Global New Car Sale Declines
- While the team previously shared that global vehicle sales were expected to decline by 2.5% in 2020, what is especially hurtful to the auto industry is that a 0.9% decline was previously projected before the outbreak. Unfortunately, the 2.5% figure is a best-case-scenario for the virus should it have been contained by the end of the first quarter (March 31st). Still, because these hits are occurring early in the year, and the remainder of 2020 can potentially see some recovery, this is not a year “expected to go down in history as catastrophic.”
- China, as the country to first experience the health and economic ravishes of COVID-19, saw new vehicle registrations plummet to approximately 92% in February 2020.
- Europe, with its countries being at a different phase of the outbreak, have yet to see any “dramatic downturns in new-car registrations” (for February); light-vehicle sales in Western Europe are expected to have the largest sales decline in 2020; the UK is expected to see a decline of 3.0%.
- In the US, new car sales are expected to decline by 16 million sales for the year. Even if the stay-at-home orders ease up and consumers go back to shopping for new cars by the end of April, there would still be “roughly half a million lost sales.”
- “South Korea's combined auto production fell 26.4% on-year to reach 189,235 units in February, while domestic sales decreased 18.8% to 97,897 units as the consumers' sentiment was hurt by the COVID-19 outbreak.”
- Although all car manufacturers are expected to be hit pretty hard by the economic consequences of COVID-19, electric vehicle (EV) makers, in particular, are expected to suffer more than traditional manufacturers. This is because the “EV market is particularly vulnerable in the current crisis” since it is a relatively young segment compared to more standard vehicles. The industry is also vulnerable because it has a heavy “dependence on global sourcing for its core technology.”
- While the segment has made some vital inroads recently in the minds of individual and enterprise consumers, falling oil prices and the unknown trajectory of the coronavirus outbreak “could keep potential EV buyers on the side of internal combustion vehicles for a while.”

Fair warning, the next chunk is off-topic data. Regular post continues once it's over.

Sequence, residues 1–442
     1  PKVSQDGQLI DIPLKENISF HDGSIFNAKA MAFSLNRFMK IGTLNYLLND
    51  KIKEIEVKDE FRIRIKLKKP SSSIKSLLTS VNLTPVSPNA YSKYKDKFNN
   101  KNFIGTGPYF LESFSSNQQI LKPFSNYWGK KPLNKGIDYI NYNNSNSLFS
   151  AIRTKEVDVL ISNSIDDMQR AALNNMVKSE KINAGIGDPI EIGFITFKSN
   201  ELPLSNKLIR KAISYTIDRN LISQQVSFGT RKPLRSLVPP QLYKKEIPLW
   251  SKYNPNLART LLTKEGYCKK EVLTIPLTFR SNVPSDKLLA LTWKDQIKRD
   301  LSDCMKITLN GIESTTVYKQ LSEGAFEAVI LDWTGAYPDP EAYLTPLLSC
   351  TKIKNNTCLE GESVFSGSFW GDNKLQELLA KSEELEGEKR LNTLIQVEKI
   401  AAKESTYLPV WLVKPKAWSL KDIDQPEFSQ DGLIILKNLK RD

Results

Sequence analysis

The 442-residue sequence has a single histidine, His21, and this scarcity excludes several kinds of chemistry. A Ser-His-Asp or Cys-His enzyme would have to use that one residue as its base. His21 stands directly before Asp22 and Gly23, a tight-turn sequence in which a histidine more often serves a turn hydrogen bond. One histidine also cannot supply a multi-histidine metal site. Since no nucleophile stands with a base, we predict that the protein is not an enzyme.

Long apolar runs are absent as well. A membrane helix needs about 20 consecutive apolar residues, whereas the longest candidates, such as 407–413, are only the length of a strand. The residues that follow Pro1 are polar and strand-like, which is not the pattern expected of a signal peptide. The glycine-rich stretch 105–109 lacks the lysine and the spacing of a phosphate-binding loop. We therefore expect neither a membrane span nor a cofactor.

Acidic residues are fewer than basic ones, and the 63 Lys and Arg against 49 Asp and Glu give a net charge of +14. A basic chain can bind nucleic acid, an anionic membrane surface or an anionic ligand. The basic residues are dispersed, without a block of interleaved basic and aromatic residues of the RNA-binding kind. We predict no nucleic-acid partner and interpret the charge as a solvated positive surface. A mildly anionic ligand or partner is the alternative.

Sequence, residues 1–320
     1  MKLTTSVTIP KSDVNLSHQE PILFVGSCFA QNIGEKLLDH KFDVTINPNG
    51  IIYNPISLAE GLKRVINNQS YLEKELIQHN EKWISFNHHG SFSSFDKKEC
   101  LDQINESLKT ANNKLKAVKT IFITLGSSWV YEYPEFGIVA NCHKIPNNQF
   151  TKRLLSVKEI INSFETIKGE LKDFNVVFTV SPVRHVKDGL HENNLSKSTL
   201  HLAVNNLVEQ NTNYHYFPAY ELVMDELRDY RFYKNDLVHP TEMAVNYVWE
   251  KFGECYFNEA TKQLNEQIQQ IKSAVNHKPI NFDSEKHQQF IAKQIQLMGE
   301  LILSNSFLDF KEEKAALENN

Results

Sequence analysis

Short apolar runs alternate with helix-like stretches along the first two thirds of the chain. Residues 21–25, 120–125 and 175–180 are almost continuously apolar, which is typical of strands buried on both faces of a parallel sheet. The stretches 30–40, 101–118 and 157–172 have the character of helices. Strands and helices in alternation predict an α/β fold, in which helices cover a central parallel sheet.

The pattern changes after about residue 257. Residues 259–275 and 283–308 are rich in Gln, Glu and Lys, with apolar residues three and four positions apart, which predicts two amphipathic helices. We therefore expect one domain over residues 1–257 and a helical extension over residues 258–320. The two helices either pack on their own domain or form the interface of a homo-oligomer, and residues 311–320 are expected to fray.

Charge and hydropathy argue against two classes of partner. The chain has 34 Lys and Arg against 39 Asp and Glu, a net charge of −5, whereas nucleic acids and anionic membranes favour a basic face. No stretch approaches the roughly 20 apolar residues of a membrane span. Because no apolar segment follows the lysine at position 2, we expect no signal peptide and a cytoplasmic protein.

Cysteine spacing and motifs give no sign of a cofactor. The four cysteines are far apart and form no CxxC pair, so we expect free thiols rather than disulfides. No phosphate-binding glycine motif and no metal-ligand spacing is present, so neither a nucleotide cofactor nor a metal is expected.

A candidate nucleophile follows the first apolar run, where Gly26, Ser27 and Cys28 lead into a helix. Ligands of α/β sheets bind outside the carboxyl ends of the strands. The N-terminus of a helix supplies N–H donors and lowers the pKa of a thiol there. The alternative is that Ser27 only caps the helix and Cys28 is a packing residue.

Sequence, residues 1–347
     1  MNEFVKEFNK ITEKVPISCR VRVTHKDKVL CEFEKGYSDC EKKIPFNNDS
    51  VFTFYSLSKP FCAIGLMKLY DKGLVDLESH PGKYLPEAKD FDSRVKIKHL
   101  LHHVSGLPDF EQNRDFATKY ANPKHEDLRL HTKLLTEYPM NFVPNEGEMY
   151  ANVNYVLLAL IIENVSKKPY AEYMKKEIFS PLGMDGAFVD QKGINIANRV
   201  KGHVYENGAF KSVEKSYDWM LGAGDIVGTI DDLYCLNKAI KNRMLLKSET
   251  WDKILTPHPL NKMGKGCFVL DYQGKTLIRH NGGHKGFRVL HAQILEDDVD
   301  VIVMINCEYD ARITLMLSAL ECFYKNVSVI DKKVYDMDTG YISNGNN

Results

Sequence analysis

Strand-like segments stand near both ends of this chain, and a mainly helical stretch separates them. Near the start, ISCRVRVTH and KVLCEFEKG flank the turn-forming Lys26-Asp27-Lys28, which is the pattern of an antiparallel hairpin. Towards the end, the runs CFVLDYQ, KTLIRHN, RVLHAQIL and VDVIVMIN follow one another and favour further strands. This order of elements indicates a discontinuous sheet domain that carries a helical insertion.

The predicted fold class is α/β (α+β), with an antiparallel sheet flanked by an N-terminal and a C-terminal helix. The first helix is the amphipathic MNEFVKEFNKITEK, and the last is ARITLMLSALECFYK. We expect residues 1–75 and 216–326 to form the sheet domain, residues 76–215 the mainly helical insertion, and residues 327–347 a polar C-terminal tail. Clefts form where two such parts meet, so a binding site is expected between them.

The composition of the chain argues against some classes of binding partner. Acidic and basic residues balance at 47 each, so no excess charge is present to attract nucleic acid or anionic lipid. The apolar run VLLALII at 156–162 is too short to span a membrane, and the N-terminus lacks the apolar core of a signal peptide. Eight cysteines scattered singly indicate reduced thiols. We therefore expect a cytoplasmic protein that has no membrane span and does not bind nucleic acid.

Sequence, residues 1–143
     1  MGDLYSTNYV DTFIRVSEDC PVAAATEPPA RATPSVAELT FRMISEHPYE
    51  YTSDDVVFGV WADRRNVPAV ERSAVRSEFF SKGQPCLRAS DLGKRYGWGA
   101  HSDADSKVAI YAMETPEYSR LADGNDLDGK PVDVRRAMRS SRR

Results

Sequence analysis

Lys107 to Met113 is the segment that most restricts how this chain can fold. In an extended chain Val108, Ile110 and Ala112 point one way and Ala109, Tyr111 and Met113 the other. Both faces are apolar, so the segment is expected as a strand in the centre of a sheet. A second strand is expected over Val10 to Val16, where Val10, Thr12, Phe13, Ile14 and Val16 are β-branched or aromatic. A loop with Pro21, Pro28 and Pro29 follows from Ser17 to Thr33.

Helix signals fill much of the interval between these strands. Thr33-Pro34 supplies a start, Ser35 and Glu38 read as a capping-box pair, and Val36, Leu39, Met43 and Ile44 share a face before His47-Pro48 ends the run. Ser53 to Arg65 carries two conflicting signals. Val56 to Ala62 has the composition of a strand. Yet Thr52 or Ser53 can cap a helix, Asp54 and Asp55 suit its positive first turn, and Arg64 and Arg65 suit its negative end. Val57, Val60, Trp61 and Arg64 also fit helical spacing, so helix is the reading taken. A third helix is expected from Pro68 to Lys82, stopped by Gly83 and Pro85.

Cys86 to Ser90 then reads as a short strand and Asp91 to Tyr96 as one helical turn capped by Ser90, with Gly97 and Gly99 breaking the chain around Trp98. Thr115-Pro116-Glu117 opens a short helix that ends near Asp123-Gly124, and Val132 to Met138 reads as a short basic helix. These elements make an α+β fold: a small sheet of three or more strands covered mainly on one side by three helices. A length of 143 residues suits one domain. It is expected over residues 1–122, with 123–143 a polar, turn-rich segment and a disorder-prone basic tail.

Auto Shows & Dealerships
- Auto sales that would have been generated as a result of auto shows have not only been negated due to the cancellation of major auto shows in Geneva and New York but the financial hit is especially hard since many companies “spent millions in preparations and elaborate stands with their latest vehicles on display.”
- Even before bans on large gatherings in the US, dealerships were seeing less foot traffic because potential buyers were opting to avoid social contact.
- Morgan Stanley predicts that these slowdowns will cause an annual sales drop of 1.6 million units in the US (from 17.1 million in 2019 to 15.5 million in 2020).
- Used car dealerships are also having issues because of court closures and challenges regarding pricing used cars due to difficulty estimating supply chain-based financial declines.
- Additionally, automaker brand marketing is also taking a hit due to the stay-at-home orders. For instance, since sporting and other large-scale events were canceled, the millions of dollars spent on marketing and advertising have gone a bit wasted.
#2: INSIGHTS ON CONSUMER BEHAVIOR CHANGE
- An article from The Wall Street Journal reported that as American consumers stay home, new car sales are “tanking.” This change was evident prior to more mandated protocols being in place to close non-emergency US businesses in order to abide by social distancing strategies. The virus outbreak initially slowed traffic to US dealerships which resulted in some car companies choosing to suspend manufacturing at North American factories.
- According to Autoweek, while the virus has impacted productivity at factories—from workers having the disease to companies needing to make safety/health accommodations like extra time cleaning and greater spacing between workers—the negative results on the economy and stay-at-home orders will further impact demand. From the report: “For now, the effect on auto manufacturing in Europe has been minimal and suppliers have been able to ship parts from Italy to other countries, but it remains to be seen how much demand will shrink in the coming weeks and months.”
- Consumer demand for new cars is shrinking also due to companies scaling back capital spending used for buying new corporate vehicles.